Saturday, May 10, 2008


Today we did some planting in our modest (front yard) garden, and expanded it by a couple of feet (at the rate we're going, we soon won't have to mow!). I also re-seeded grass in some of our (very shady, somewhat wet) back yard.

Working in the garden always makes me think of the parable of the sower. Specifically it made me think about how I can prepare the "soil" around me to be more receptive.

For example, before planting any of the plants or seeds, I first pulled out all the weeds, hoed to make the soil not too compact. If I were a really diligent gardener, I'd test the pH and other properties of the soil, to figure out how to best nourish it. I put down some fertilizer (but not too much)and worked it in. Finally it was time for the seeds--not too many, not too few, spaced at just the right intervals. But we're still not done--you have to cover them with the right depth of soil, and give them some water. Then comes the ongoing process of watering (but not too much), fertilizing, and weeding. And eventually comes the fruit.

Evangelism is probably the same pattern. You watch for spring--when there is interest in new growth. You test the soil, learning more about your friend and how they might be most receptive. You weed (or help weed), and breathe some spirit filled air. The analogy helped me understand why tumultous and "compost filled" times are the times spiritual growth is often seen. Not every seed germinates, and that's part of the process.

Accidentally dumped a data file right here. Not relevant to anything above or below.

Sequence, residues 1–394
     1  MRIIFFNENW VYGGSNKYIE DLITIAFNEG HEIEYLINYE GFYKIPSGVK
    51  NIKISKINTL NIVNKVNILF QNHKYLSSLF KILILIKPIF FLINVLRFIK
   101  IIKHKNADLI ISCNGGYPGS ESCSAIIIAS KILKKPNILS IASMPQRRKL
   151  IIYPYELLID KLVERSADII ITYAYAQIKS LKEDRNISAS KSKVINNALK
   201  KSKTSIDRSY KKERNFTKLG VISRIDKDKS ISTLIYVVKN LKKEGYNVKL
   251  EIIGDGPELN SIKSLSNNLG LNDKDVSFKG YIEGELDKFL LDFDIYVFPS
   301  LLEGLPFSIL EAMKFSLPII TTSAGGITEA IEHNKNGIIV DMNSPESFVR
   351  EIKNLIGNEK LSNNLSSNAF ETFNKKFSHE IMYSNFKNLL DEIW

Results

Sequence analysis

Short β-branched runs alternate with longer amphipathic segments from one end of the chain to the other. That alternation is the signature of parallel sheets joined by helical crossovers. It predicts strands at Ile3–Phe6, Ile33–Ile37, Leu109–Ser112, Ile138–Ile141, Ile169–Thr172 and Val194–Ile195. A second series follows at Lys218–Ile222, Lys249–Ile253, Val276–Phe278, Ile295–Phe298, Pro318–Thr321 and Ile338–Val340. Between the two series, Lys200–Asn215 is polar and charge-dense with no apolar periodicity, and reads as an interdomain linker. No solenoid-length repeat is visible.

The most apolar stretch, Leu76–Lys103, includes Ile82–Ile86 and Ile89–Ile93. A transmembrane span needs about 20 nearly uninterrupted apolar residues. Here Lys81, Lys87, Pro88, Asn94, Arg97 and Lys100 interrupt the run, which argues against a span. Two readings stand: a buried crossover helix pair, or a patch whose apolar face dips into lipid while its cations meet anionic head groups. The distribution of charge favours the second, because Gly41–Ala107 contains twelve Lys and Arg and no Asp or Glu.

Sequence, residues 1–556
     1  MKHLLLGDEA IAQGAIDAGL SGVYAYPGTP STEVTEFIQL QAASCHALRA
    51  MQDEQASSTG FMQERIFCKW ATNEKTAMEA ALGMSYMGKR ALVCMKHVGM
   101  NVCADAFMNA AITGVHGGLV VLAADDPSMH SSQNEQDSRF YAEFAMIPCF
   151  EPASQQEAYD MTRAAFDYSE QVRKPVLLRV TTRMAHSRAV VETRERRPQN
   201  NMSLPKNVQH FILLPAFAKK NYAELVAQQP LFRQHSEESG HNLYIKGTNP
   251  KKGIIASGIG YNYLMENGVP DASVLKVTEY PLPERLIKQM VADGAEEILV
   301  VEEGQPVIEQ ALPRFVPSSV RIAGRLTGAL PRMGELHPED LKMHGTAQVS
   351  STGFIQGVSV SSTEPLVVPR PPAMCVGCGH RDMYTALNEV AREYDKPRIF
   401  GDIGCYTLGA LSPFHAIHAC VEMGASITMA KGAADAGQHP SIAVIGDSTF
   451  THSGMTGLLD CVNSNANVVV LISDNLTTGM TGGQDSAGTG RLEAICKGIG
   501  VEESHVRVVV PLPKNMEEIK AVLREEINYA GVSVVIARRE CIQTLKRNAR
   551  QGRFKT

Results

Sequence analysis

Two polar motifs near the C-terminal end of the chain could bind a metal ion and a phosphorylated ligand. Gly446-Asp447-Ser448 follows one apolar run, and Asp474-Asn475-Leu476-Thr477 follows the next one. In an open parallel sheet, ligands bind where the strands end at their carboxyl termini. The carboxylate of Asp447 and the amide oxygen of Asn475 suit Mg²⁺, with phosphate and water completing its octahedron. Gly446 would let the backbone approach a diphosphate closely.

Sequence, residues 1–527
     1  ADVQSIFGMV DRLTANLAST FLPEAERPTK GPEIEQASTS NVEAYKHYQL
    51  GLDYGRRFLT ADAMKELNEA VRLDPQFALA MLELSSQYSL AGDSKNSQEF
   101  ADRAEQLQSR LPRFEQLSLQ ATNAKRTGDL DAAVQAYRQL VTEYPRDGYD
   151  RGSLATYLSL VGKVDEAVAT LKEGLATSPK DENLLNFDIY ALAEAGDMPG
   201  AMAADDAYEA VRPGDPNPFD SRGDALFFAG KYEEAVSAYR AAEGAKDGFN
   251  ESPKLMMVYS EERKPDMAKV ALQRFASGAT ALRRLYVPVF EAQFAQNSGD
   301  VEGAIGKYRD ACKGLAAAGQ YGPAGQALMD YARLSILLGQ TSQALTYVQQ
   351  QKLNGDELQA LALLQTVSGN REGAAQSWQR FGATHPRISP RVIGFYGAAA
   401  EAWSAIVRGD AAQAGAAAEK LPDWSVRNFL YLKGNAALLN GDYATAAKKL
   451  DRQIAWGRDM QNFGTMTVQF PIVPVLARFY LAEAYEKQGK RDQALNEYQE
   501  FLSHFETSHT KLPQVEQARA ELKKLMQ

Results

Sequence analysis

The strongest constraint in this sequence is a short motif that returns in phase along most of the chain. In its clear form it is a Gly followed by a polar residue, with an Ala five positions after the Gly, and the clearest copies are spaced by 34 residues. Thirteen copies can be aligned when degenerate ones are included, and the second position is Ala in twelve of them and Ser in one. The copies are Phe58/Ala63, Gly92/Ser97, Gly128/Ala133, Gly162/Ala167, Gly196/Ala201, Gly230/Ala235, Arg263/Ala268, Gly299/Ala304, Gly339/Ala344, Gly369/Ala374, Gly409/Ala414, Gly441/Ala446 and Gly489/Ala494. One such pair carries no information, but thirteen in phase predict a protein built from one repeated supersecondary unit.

And it's exactly that--a process. At the mini-marathon, there was a church handing out little cards about how we're all running the marathon of life, and here are the four steps to ensure you cross theright finish line. They were well done, but my thought was, "this is encouraging to me, but it isn't going to convert my brother." It was just a single seed, thrown on soil that is more concerned about how his knee is doing than God at that particular moment. But who knows--maybe one of the 35,000 people had been thinking spiritually related things as they were running, and it fell on fertile soil.

I guess that's why I appreciate the relational and developmental approach to evangelism our church takes--I don't think they even call it that. Sure, God does do radical things in people's lives and can go from seed to fruit overnight, but the relational model just makes it easier to prepare the soil and nurture the seed.

Thanks, Lord for the sowers, weeders, fertilizers and waterers in my life. Some of them weren't even Christians, and I pray that they find You soon. Help me to be a good spriritual gardener to those around me, whether they haven't yet heard the Good News or are growing in You.

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